THE late TD Peadar Clohessy was described in the Dail this week as “a frank, decent and honourable” politician with “a very particular and individual sense of humour.”
Peadar, 80, passed away in January of this year. His children Andrew, Patrick and Michael, daughters Alice, Margaret and Sinead, and extended family were invited to the Dail this week where they heard tributes being paid to the popular politician who spent many an hour sitting in the House of the Oireachtas, representing the people of Limerick.
“I was proud to have known Peadar Clohessy,” commented Limerick TD Niall Collins.
“Although his long and distinguished career never overlapped with mine, I express my thanks and appreciation to him for his often sound advice and encouragement from which I benefited.”
Deputy Collins described Peadar as being “completely committed and dedicated to his family, community and constituency”.
“Proper mention has been made of Peadar’s late wife, Jean, who predeceased him. From my contacts with the Clohessy family, I know that she was an immense rock of support for Peadar,” he added.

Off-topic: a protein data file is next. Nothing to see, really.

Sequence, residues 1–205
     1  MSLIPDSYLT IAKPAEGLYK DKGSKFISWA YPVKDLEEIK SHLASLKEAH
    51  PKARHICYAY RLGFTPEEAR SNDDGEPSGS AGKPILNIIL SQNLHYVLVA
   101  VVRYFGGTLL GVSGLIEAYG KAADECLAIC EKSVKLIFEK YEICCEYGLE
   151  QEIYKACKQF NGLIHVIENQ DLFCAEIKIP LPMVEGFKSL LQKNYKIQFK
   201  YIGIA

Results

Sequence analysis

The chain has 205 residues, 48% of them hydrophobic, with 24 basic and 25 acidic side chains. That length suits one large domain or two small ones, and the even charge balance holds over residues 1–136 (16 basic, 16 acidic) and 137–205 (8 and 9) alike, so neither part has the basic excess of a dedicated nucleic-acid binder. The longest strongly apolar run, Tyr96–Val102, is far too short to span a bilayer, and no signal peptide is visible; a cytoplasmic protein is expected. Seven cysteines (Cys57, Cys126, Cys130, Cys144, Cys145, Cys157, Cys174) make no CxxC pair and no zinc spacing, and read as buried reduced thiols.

Peader was first elected to Limerick County Council in 1974. He would serve for 25 years there, including as chairman in 1992.
He was returned to the Dail once for Fianna Fail and on three occasions for the PDs, serving as marine and defence spokesman and assistant government chief whip between 1989 and 1992.
A man who loved Fedamore and his native county above all else, he had also easily made friends in Leinster House.
Speaking in the Dail this Tuesday, An Taoiseach Enda Kenny, paid tribute to Peadar “who I had the privilege of working with when he was assistant government chief whip in the early 1990s, at a time when I was chief whip for the Fine Gael party.
“In our work together I always found him to be frank, decent and honourable and have a very particular and individual sense of humour,” he said.
The Fianna Fail leader, Micheal Martin, said that by remembering the late Peadar Clohessy, “the House is again acknowledging the central importance of public service in our society and our lives”.
“He was one of Irish politics true gentlemen,” added Mr Martin.